14,000 what? My uneducated assumption is that the number refers to the volume of trades, so does “14,000” refer to number of shares traded? All I really know is that a higher number is better. Also, is there a practical limit to the number. Could the Dow theoretically reach 50,000? If so, what would have to happen to get to that point, and how would it improve our lives?
Dow Jones Industrial Average
The DJIA is just the sum of the prices of 30 popular stocks, listed in link, divided by a factor which allows for stock splits and such.
It’s actually just a number created by a guy named Charles Dow (one of the founders of the Wall Street Journal) back at the beginning of the twentieth century. The basic idea is, you take thirty of the biggest, most traded, important et cetera companies traded on America’s stock markets. You sum up their per share price and then divide it by a divisor which is a number which varies based on all kinds of adjustments made.
Currently, the DJIA’s divisor is actually less than 1.
One problem people have with the Dow Average is that it may not necessarily be representative of the entire market because it only represents 30 companies, even if they are all very major companies.
No, on the NYSE there are hundreds of millions of shares traded every day. One billion is not uncommon.
The Dow Jones Industrial Average is an Index of 30 US Companies (actually, their stock). These 30 stocks are some of the largest companies in the US and their stock movement is a barmometer of the overall stock market. While the “Dow” is the best known Index, it is not the only one, The "S&P 500:, “Wilshire 5000” and others are similar indexes that serve as a barometer of sorts for the larger market. The Dow has only 30 stocks for example; large companies. The Standard & Poors 500 tracks 500.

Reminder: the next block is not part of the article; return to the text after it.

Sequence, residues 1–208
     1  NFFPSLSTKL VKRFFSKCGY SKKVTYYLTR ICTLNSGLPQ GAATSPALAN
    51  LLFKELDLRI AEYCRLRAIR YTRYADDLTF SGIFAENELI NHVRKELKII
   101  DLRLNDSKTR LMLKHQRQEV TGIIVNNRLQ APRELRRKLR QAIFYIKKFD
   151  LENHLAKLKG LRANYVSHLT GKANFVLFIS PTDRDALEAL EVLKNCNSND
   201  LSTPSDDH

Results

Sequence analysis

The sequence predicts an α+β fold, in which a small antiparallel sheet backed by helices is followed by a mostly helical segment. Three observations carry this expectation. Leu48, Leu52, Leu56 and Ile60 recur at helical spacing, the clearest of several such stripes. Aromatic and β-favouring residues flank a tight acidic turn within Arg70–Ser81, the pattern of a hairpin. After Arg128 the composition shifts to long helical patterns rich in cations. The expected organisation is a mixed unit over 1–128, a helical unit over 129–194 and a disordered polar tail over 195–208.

An index is simply one way to take the overall “pulse” of the market and it’s movement.
I’ve heard of the Dow Jones industrial average; I just didn’t realize that this is what is meant by the “Dow” that recently reached 14,000.
Just to be clear, the 14,000 isn’t the average price of the 30 stocks, right? It’s their average price, adjusted based on various calculations. I mean, I’ve never heard of a share costing $14,000.00. I thought Berkshire Hathaway was about the most expensive stock, and it trades for about $3,500 a share.
It’s not their average price at all. It’s their total price, divided by a set factor.
Note that is the price for B shares of Berkshire Hathaway, which were introduced in an attempt to make the company’s shares more affordable and available. The regular shares are called the A shares and are worth thirty of the B shares ($110,010 right now) and are the only shares that give you voting rights.
As Captain Amazing said, it isn’t an average. The price of DJIA stocks at the moment tends to range from $24/share to $118.
Yes, there are some stocks out there that are worth a huge amount per share. However, for various reasons per share price of many corporations isn’t necessarily indicative of much. If I have a company with 10 shares and each share is worth $20,000, my company is still not worth even close to as much as Microsoft (which atm is trading at a little under 30 dollars a share, but it has millions and millions of shares.) Berkshire Hathaway has such enormous per share price because of the manner in which its shares are handled. Berkshire Hathaway has never split its class A stock (which is the highest valued stock on the NYSE), traded at a price of over $100,000/share BRKA